British Library buys St Cuthbert Gospel from Jesuits
A fee of £9 million is paid for one of the world’s most important books
The British Library has paid £9 million to acquire the St Cuthbert Gospel, the oldest fully intact European book.
The palm-sized book (above), a manuscript copy of the Gospel of John in Latin, was bought from the British branch of the Society of Jesus (the Jesuits), the library said today.
The book measures 96mm x 136mm and has an elaborately tooled red leather cover. It comes from the time of St Cuthbert, who died in 687, and it was discovered inside his coffin when it was opened in 1104 at Durham Cathedral. The British Library said the artifact is one of the world’s most important books.
“To look at this small and intensely beautiful treasure from the Anglo-Saxon period is to see it exactly as those who created it in the seventh century would have seen it,” Lynne Brindley, the library’s chief executive, said. “The exquisite binding, the pages, even the sewing structure survive intact, offering us a direct connection with our forebears 1300 years ago.”
In 2010, the library was approached by auction house Christie’s, which was acting on behalf of the Gospel’s owner, the Society of Jesus (British Province) or Jesuits, who wished to sell the book to raise funds for education and restoration works.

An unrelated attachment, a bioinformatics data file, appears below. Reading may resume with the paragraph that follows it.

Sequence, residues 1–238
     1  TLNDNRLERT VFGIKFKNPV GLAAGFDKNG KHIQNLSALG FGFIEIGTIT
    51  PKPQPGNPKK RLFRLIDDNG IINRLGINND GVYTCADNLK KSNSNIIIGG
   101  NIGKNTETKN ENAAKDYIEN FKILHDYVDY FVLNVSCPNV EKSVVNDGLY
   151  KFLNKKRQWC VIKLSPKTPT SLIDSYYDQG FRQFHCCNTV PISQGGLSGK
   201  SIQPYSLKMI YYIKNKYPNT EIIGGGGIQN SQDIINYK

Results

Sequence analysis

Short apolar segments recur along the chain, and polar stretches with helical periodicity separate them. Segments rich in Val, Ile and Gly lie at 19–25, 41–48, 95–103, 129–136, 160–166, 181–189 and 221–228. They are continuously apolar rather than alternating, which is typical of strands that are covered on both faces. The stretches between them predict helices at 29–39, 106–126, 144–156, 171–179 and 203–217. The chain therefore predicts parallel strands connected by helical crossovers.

The library was given first option to purchase the manuscript, which was valued at £9 million.
Half of the price of the Gospel came from the National Heritage Memorial Fund, established in 1980 to safeguard works of art and wildlife havens for the nation. Other funding came from the Art Fund, Garfield Weston Foundation and the Foyle Foundation, as well as donations from unnamed charitable trusts and individuals.
The British Library has opened a special display exploring the creation, travels and ‘near-miraculous’ survival of the Gospel across 13 centuries. It has also been digitised and made freely available online.